POLITICO reports that Democrats are organizing media blitzes, House floor speeches and town halls back home to slam the Ryan budget, before unveiling their own budget next week which calls for a mix of spending cuts and tax hikes on the rich.

“They can run, but they cannot hide from their Medicare plan, which ends the Medicare guarantee at the same time they’re providing big new tax breaks to millionaires and protecting special interest tax loopholes,” Maryland Rep. Chris Van Hollen told POLITICO in an interview Monday.

POLITICO notes that the DCCC announced Monday that it raised $6.3 million in February and had $16.4 million cash on hand — giving Democrats plenty of money to use against the GOP and Ryan's plan this cycle.

President Obama released his budget for FY 2013 in February, a $3.8 trillion spending plan that seeks to achieve $4 trillion in deficit reduction over the next decade. The President's plan looks to achieve $1.5 trillion in deficit reductions through tax increases on the wealthy and removing certain corporate tax breaks. The plan will seek to make sure that households making more than $1 million annually pay at least 30 percent of their income in taxes.

The New York Times reports on the stark differences between White House and Republican plans:

"Under the House plan, the current $1.18 trillion deficit would fall to $797 billion in the coming fiscal year, compared with $977 billion under Mr. Obama’s plan. By 2016, the deficit would fall to $241 billion by Republican estimates. The Congressional Budget Office estimated last week that Mr. Obama’s budget would still have a $529 billion deficit in 2016.

The Ryan plan would accumulate $3.1 trillion in additional debt through 2022. The president’s would add $6.4 trillion, more than twice that total. The Republican budget cuts spending by $5 trillion more than the president’s plan, mandates the repeal of Mr. Obama’s health care law and assumes the elimination of the government-backed mortgage giants Fannie Mae and Freddie Mac."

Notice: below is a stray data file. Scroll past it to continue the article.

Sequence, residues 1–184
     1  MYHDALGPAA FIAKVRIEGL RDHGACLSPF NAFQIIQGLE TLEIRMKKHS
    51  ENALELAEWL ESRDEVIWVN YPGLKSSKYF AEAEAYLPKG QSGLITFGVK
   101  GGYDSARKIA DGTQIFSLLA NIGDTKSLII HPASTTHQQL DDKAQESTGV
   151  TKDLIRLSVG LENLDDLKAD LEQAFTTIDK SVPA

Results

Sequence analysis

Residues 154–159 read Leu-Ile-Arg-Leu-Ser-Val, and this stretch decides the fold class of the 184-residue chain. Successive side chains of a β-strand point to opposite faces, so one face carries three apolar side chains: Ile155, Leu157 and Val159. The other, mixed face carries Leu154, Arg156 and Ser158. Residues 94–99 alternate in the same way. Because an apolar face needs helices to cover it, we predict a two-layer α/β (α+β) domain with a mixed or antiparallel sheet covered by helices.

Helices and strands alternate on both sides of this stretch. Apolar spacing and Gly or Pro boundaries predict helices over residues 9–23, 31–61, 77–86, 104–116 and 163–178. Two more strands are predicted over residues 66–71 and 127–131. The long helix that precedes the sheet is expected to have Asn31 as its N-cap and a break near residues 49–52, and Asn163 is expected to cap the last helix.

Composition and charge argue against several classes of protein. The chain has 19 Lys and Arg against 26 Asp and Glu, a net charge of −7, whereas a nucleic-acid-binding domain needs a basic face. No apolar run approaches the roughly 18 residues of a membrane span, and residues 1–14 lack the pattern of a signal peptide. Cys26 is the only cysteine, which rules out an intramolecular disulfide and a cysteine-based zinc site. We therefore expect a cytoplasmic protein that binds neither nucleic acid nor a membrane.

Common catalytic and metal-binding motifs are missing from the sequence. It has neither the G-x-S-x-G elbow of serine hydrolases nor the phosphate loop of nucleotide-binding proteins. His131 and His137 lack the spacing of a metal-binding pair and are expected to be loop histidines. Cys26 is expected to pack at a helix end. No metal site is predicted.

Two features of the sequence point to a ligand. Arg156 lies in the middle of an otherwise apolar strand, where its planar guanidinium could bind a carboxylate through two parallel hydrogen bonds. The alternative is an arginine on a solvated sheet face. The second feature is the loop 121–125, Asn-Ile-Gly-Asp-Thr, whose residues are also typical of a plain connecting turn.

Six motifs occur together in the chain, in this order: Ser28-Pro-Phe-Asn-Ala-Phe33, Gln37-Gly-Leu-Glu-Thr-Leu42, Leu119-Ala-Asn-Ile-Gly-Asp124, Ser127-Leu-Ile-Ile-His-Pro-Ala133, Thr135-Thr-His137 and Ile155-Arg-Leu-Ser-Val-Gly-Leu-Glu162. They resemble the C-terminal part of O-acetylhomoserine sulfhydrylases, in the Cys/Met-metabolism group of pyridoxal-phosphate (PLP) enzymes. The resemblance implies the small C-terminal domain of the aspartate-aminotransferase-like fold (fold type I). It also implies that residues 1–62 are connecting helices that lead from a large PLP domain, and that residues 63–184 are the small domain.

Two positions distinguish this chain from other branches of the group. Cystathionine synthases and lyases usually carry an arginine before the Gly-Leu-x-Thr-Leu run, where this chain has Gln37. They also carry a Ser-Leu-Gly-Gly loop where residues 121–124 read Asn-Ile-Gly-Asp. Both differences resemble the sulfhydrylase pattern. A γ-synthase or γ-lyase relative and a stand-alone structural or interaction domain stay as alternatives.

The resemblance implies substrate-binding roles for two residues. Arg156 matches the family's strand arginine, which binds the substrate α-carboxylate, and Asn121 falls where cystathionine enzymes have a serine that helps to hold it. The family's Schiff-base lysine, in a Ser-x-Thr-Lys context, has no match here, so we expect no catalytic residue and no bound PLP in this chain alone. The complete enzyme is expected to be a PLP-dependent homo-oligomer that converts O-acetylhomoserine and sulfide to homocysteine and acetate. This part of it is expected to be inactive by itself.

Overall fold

Washington Democratic Sen. Patty Murray, who chaired the failed Congressional deficit reduction super committee, called Rep. Ryan's approach to debt reduction “outrageous and deeply disappointing.”

“By desperately attempting to appease their extreme conservative base, House Republicans are reneging on a deal their own Speaker shook on less than eight months ago,” she said to The Washington Post. “They have shown that a deal with them isn’t worth the paper it’s printed on and they are threatening families across America yet again with the prospect of a government shutdown.”

Rep. Ryan makes his case in the 3-minute campaign style YouTube video "The Path to Prosperity Budget: Your Country. Your Future. Your Choice."
"It's up to the people to demand from their government a better budget, a better plan, and a choice between two futures," Rep.Ryan said in the video, which even had its own trailer released last week. "The question is: which future will we choose?"

The White House responded to the Ryan budget proposal just an hour after the plan's release Tuesday morning. In a statement, White House Communications Director Dan Pfeiffer said the plan "fails the test of balance, fairness, and shared responsibility" and would "end Medicare as we know it."

The Hill reports that Pfeiffer said the GOP proposal would "shower the wealthiest few Americans with an average tax cut of at least $150,000" and at the same time would preserve taxpayer giveaways to oil companies and breaks for Wall Street executives.

Want to leave a tip?

We answer to you. Help keep our content free of advertisers and big tech censorship by leaving a tip today.
Want to join the conversation?
Already a subscriber?